#2. Select an Agent
You should choose an adult with legal capacity who is trustworthy and willing to represent you. If you delegate to them the power to represent you in legal or tax matters, make sure they have the necessary professional knowledge in this field.
#3. Define the Agent’s Powers
You can issue a general power of attorney and give the agent broad powers to take any action that is in your interest and to represent you before all third parties. Another option is to issue a limited power of attorney and provide a list of the actions they are allowed to take and third parties they can interact with.
#4. Download & Fill in Our Form
Once you know all the details about your power of attorney, you can simply download one of our South Carolina power of attorney templates, enter the details, and you'll have the document ready to sign.
#5. Get It Signed & Notarized
Every South Carolina power of attorney must be signed by the principal and acknowledged by the notary public or other relevant authority.
#6. Safely Store the Original Copy
The principal should keep the original copy of the South Carolina power of attorney in their possession.
#7. Provide Copies to Relevant Parties
You should provide a copy of the power of attorney to every third party your agent is interacting with on your behalf.
#8. Update the Document as Needed
Every time some of the details in your power of attorney change, you must issue a new document with the updated information and provide each relevant party with it.
How Long Does a Power of Attorney Last in South Carolina?
A South Carolina power of attorney becomes effective after it is signed and notarized or after the date or certain event stipulated as the moment the document becomes effective.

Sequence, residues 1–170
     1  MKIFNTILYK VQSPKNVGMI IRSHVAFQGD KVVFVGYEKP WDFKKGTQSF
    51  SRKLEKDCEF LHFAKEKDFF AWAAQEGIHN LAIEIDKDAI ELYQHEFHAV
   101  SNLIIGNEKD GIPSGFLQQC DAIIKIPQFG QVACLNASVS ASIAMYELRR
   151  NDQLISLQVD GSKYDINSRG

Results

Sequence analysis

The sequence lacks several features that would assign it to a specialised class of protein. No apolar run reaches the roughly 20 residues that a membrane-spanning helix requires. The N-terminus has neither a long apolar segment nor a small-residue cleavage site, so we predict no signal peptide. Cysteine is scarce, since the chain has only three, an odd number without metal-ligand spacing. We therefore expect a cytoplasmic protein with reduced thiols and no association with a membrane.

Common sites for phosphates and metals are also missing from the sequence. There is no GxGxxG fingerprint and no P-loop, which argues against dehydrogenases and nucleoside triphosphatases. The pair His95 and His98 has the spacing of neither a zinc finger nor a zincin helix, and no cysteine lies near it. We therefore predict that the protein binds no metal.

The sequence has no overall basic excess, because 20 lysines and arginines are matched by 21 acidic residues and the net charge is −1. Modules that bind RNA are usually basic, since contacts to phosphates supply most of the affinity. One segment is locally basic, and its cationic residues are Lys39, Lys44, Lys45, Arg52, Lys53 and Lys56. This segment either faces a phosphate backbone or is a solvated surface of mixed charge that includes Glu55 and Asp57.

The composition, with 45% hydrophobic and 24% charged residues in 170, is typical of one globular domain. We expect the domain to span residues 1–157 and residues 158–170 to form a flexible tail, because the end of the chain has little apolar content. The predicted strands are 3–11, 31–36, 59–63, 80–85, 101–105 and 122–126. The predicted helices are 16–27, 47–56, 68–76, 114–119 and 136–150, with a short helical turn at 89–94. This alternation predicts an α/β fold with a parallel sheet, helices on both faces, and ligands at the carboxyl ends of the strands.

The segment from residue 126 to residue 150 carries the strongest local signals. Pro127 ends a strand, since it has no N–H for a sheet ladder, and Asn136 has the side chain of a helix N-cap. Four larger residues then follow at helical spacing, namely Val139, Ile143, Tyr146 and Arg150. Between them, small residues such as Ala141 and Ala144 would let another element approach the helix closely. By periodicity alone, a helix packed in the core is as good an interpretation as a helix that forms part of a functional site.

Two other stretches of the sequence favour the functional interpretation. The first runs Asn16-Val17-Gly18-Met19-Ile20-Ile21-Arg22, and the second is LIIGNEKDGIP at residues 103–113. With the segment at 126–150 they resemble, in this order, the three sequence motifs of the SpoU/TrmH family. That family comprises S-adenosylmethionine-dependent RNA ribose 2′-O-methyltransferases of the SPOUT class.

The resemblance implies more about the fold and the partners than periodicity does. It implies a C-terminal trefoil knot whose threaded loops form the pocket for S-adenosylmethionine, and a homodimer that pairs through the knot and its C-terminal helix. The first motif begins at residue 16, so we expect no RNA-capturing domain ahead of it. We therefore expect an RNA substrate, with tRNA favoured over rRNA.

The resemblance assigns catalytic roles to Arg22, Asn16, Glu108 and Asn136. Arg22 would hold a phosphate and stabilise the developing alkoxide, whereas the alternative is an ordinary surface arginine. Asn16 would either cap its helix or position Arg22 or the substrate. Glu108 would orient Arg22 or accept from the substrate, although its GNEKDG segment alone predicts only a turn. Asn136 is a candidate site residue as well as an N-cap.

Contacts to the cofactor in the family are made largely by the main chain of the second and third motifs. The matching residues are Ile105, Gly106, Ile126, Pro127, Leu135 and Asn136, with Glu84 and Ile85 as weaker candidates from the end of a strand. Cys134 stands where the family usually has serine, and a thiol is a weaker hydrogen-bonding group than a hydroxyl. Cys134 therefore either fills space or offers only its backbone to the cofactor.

As of the termination of the South Carolina power of attorney, this can happen if:
Reasons for Termination
The principal passes away
The termination date is provided in the document
The principal becomes incapacitated, and the document is non-durable
The purpose for which the document is issued is completed
The agent passes away or becomes incapacitated, and there is no co-agent or successor agent.
South Carolina Power of Attorney FAQ
You should use the power of attorney when you are not able to act on your behalf due to physical or mental illness, moving abroad, or a lack of professional knowledge in a certain field.
It enables another person, called the agent or the attorney-in-fact, to act on behalf of the principal within the scope of authority provided in the power of attorney.
Yes, every South Carolina power of attorney must be notarized by a notary public or other body authorized to acknowledge such documents.
Even if you’ve already issued a will, you should still have a power of attorney. The main reason is that a will allocates your property after you pass away, while a power of attorney serves you during your lifetime.